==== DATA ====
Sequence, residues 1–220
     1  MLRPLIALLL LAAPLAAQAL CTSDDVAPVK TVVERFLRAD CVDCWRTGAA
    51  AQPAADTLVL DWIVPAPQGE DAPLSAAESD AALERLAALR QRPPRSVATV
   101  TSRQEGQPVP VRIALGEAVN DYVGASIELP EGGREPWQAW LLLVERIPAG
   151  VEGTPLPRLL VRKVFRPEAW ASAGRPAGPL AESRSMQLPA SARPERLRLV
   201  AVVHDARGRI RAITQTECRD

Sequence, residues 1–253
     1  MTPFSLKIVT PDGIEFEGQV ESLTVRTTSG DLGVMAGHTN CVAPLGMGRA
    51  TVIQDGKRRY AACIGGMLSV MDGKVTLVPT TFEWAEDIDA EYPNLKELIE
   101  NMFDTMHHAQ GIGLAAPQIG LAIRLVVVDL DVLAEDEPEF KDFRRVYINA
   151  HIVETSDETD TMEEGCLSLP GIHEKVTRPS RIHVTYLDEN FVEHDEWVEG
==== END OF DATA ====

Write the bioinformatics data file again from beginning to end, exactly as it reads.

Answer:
Sequence, residues 1–220
     1  MLRPLIALLL LAAPLAAQAL CTSDDVAPVK TVVERFLRAD CVDCWRTGAA
    51  AQPAADTLVL DWIVPAPQGE DAPLSAAESD AALERLAALR QRPPRSVATV
   101  TSRQEGQPVP VRIALGEAVN DYVGASIELP EGGREPWQAW LLLVERIPAG
   151  VEGTPLPRLL VRKVFRPEAW ASAGRPAGPL AESRSMQLPA SARPERLRLV
   201  AVVHDARGRI RAITQTECRD

Sequence, residues 1–253
     1  MTPFSLKIVT PDGIEFEGQV ESLTVRTTSG DLGVMAGHTN CVAPLGMGRA
    51  TVIQDGKRRY AACIGGMLSV MDGKVTLVPT TFEWAEDIDA EYPNLKELIE
   101  NMFDTMHHAQ GIGLAAPQIG LAIRLVVVDL DVLAEDEPEF KDFRRVYINA
   151  HIVETSDETD TMEEGCLSLP GIHEKVTRPS RIHVTYLDEN FVEHDEWVEG